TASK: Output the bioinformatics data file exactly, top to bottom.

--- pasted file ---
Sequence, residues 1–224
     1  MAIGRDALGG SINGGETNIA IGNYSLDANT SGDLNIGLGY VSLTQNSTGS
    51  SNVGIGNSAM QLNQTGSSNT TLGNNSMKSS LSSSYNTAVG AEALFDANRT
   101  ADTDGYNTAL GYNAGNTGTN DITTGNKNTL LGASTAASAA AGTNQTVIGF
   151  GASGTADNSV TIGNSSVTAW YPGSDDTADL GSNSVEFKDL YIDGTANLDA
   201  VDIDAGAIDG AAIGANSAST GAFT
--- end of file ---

Sequence, residues 1–224
     1  MAIGRDALGG SINGGETNIA IGNYSLDANT SGDLNIGLGY VSLTQNSTGS
    51  SNVGIGNSAM QLNQTGSSNT TLGNNSMKSS LSSSYNTAVG AEALFDANRT
   101  ADTDGYNTAL GYNAGNTGTN DITTGNKNTL LGASTAASAA AGTNQTVIGF
   151  GASGTADNSV TIGNSSVTAW YPGSDDTADL GSNSVEFKDL YIDGTANLDA
   201  VDIDAGAIDG AAIGANSAST GAFT